The film’s last act is worth the price of admission alone; action packed with martial arts showdowns, massive explosions, and helicopter special effects. And Nabwana is not afraid of greenscreen work, even with the lack of resources or money. Sure, none of it may even be approaching the realm of realism, but there’s energy and fun that matches movies with literally a million times the budget.

And did I mention the film continually uses a cover of “Kiss From a Rose” by Seal as random background music?

I’ll take “Movie’s I’d Rather See Than The TOP GUN Sequel” for $100, Alex.

But perhaps the best thing about the film is the VJ. In Ugandan theaters, “Video Jokers” provide live colorful commentary over the movie and the released version of CAPTAIN ALEX includes the VJ track, Yes, they’re essentially MST3King their own film and, yes, it does mean competing audio and subtitles tracks, but, trust me, it’s well worth it. The VJ does it all—

  • He introduces characters and explains the plot as it unfolds
  • He makes snide comments about these characters and plot
  • He pimps the film and the filmmakers while the movie is still going (“WHO KILLED CAPTAIN ALEX? One hell of a movie!”)
  • He assuages the audience’s fears (“Action is coming. I promise you.”)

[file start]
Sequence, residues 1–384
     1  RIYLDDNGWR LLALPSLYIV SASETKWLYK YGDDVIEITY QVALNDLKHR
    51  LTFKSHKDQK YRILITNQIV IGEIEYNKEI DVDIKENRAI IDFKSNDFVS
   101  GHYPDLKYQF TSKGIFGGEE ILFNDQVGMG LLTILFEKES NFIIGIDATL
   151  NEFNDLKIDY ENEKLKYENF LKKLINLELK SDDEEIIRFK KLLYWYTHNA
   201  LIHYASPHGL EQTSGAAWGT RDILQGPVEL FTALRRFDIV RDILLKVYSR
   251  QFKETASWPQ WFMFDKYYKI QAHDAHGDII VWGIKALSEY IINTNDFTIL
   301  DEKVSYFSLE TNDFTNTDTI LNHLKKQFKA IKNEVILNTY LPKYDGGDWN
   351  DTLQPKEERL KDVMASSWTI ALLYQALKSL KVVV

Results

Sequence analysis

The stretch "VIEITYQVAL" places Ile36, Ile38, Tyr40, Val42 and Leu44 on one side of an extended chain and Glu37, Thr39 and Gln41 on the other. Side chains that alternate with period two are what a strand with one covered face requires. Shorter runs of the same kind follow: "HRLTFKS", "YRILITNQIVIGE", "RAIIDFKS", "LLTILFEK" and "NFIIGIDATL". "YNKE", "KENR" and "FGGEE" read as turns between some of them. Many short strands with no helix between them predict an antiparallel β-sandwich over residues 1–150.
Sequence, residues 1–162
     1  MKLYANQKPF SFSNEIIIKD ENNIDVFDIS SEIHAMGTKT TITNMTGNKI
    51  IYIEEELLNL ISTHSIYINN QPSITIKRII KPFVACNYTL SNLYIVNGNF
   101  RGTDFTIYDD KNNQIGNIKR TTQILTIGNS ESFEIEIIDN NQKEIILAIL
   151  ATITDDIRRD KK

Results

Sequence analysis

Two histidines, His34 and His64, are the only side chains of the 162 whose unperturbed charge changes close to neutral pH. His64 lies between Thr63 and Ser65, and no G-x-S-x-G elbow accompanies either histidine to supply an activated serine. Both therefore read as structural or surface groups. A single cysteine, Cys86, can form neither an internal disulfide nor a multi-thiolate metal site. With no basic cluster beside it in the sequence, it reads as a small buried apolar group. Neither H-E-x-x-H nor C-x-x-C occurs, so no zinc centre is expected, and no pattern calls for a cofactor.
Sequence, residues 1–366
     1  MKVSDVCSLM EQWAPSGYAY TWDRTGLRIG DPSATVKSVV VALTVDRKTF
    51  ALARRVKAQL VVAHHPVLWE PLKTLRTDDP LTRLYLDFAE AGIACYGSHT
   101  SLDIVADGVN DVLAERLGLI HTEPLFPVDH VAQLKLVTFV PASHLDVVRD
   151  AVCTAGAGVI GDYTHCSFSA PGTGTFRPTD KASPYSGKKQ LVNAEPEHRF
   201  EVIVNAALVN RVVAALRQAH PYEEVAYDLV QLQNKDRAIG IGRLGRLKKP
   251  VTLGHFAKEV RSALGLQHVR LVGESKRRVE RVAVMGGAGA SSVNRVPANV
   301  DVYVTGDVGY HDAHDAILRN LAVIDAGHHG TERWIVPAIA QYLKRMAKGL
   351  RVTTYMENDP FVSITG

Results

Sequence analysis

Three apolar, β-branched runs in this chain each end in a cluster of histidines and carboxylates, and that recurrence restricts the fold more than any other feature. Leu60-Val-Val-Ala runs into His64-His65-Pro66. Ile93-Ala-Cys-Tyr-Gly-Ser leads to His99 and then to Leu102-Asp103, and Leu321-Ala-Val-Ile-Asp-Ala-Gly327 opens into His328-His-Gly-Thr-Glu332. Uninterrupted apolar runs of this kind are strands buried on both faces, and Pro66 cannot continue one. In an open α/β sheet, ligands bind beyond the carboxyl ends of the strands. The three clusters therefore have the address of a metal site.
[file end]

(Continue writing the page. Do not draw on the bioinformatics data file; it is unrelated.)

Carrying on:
• He provides social commentary and jokes about life in Uganda (A woman is captured and told she will be forced to marry a vicious warlord: “Welcome to Uganda!”)
  • Sometimes he just yells random words to garner excitement like “Warrior!” “Commando!” or “Movie!” Other times, he may make random fart noises when he’s bored by what’s happening onscreen.

Watch either of the clips below to see what I mean.

Is that an AR-15? That’s how we enjoy school in the United States.

It sounds corny, but what Nabwana and his crew of dedicated movie lovers have done is a testament to the human spirit. If you need motivation to get out there and do what makes you happy, regardless of your situation, check out CAPTAIN ALEX or visit their official site or YouTube channel. They may not be polished or professional by Hollywood standards, but I’d watch a dozen Wakaliwood movies before sitting through another TRANSFORMERS film.

Words to live by. Thanks Wakaliwood.

The best of the VJ’s ridiculous narration.

A sample of some of the movie’s amazing action scenes.

The sultry voice of VJ Emmie is all you get.

Good news! You can watch WHO KILLED CAPTAIN ALEX? for free on the Wakaliwood YouTube page here!

Take a shot or drink every time:

  • The VJ yells out the words “Commando” or “Warrior”
  • The VJ says the name of the movie
  • The VJ says “Expect the unexpectable”
  • Richard slaps someone

Double shot if:

  • Captain Alex dies

Thanks to Reggie for suggesting this week’s movie!

Seen a movie that should be featured on this column? Shoot Jason an email or follow him on Twitter and give him an excuse to drink.